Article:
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Rescooped by Layne Arlina from Meditation Compassion Mindfulness
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How Does the Brain Process Forgiveness?

How Does the Brain Process Forgiveness? | Arlina Healing Arts | Scoop.it

If you forgive a violent offender, are you a fool? If you forgive your abusive spouse, are you highly evolved? If you forgive the doctor who made a terrible medical mistake, are you a chump or a champion? What does brain science tell us—is forgiveness healthy or unhealthy?

 

The part of the brain associated with resolving anger is the same part that involves empathy and regulating emotions. Research shows that there is a neuronal foundation for the idea that resolving conflict and granting mercy are good for the brain and result in positive emotional states.


Via Pamir Kiciman
Layne Arlina's insight:

True forgiveness isn't easy when we are attached to the trauma. When we work on releasing the pain and view the higher aspect, then compassion for that troubled being washes over you. Forgiveness is not about turing the other cheek, nor about forgiving the action but about releasing the 'perpetrator', and yourself, from your inner prison x

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Rescooped by Layne Arlina from Ancient Wisdom
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Healing Your Mother (or Father) Wound

Healing Your Mother (or Father) Wound | Arlina Healing Arts | Scoop.it

If you choose to follow the path of meditation, you are likely to encounter what are sometimes referred to as your "karmic knots" — those physical and emotional traumas you have accumulated throughout your lifetime.

There is one category of karmic knot that may be especially hard for you to deal with, as it is for many people. This is the emotional — some would say psychological trauma that may have occurred within your family of origin. It may involve your mother, father, or both.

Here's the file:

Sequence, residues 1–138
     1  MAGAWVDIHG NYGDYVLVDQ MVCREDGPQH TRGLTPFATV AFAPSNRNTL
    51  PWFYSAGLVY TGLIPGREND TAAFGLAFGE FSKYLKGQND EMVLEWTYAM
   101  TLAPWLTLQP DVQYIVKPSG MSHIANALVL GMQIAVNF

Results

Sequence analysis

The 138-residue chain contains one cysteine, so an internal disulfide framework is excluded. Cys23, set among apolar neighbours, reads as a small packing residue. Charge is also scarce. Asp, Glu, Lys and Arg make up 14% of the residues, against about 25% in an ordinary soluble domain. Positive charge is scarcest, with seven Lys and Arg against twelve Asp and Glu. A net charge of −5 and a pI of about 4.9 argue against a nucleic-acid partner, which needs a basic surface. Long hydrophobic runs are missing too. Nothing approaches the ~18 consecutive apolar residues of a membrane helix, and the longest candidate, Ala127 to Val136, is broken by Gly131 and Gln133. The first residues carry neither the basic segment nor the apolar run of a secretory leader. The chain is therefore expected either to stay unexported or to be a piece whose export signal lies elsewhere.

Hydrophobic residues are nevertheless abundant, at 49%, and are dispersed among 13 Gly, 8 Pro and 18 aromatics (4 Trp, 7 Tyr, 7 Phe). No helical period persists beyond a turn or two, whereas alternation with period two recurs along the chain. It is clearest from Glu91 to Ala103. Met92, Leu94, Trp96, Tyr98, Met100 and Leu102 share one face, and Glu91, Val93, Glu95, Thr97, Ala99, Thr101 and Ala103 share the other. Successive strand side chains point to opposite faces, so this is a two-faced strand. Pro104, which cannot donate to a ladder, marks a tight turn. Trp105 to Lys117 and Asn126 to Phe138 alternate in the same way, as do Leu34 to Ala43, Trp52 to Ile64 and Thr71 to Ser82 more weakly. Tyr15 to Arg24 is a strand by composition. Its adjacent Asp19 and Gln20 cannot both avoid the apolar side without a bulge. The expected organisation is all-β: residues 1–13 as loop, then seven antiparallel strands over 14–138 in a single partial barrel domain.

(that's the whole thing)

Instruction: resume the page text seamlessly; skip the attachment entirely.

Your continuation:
This trauma may have been caused by a parent who was absent or overbearing, who committed inappropriate actions or failed to take positive action, or who took too little or too much interest in you. Or it may have been the interactions between your parents that was traumatizing to you. In meditation it is all grist for the mill of mindfulness.

 

A trauma involving the mother or father is sometimes referred to as a "wound" because it damages the body-mind, needs proper healing, and often leaves a scar or weakness in your body or emotional makeup.


Via Pamir Kiciman, Davina MacKail
Layne Arlina's insight:

Today whilst giving myself Reiki, my estranged father came through. He's been in my thoughts a lot recently and I've a feeling he' now bears guilt and regret about his life choices. I have no contact with my father and don't wish to change that, but spiritually I can make peace.

 

I was once told by a wonderful Healer named 'Halaya Samrisa Begody', 'You cannot heal without your father'. I fiercely rejected this at the time as I 'knew' he could never be a father to me and I could never forgive him for the pain he has caused. Shocked, angry and confused, I thought loudly to myself, 'No way in hell! She doesn't have a clue!'

 

A couple of years back, I joined a Family Constellations workshop with 'Liz Sleeper', not really knowing what was in store. I unexpectedly broke into tiny pieces as I watched a story that was much like the life of my fathers, played our by strangers. Pain stricken I sobbed uncontrollably as I was wildly awoken to the world outside of my own. For the first time I truly 'saw' my father. I now understand my father a lot deeper and I feel for him. Without actively trying, simply through compassion, I have begun to forgive him. 

 

I realise now that by rejecting my father, I reject myself. To fully heal I need to accept all parts of myself, even the difficult parts. No matter how painful the memory, if we look to the source their lies the solution. Im  gradually healing by allowing myself to live through the pain, to learn from it, to grow from it, as a deeper form of love develops for my father, and thus for myself.

 

I was regularly rejected by my father but I no longer reject myself.

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Pamir Kiciman's curator insight, April 14, 2014 8:33 AM

 

"But sooner or later, the wound can carry us toward its own remedy, if we only let it."

 

— Henry Shukman

 

Rescooped by Layne Arlina from Meditation Compassion Mindfulness
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Laughter Sets off Brain Wave Patterns Similar to Meditation

Laughter Sets off Brain Wave Patterns Similar to Meditation | Arlina Healing Arts | Scoop.it
Want the potential mental and physical health benefits of meditation without the work of chasing away all those intrusive thoughts and feelings? Try laughing, a new study suggests.

Via Pamir Kiciman
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